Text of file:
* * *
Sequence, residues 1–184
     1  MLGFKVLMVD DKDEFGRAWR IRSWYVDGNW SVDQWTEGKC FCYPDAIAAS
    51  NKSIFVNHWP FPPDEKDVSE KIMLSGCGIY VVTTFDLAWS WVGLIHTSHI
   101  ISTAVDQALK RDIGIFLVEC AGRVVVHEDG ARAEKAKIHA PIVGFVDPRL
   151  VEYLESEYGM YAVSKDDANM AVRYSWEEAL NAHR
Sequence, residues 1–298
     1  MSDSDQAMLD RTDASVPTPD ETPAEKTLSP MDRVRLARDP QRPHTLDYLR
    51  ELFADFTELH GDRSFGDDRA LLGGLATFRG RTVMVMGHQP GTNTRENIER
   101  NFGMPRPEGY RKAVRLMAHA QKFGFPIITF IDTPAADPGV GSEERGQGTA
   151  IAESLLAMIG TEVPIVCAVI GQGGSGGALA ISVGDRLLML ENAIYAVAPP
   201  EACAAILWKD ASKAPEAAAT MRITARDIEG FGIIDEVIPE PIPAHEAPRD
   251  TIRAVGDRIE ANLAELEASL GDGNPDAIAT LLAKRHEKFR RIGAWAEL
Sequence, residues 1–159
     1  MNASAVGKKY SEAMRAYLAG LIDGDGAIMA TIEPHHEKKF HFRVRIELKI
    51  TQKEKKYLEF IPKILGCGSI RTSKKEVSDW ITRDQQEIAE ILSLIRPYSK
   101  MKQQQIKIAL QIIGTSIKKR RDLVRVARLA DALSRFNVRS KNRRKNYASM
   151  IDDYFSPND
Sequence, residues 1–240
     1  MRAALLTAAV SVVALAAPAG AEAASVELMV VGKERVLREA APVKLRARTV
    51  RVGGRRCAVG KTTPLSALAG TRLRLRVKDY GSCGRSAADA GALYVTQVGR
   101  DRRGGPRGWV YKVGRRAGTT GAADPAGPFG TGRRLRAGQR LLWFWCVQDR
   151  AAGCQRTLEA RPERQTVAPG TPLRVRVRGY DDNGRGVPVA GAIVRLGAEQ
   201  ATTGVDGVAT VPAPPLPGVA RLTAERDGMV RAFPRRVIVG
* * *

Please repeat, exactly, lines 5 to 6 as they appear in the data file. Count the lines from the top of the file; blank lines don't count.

   151  VEYLESEYGM YAVSKDDANM AVRYSWEEAL NAHR
Sequence, residues 1–298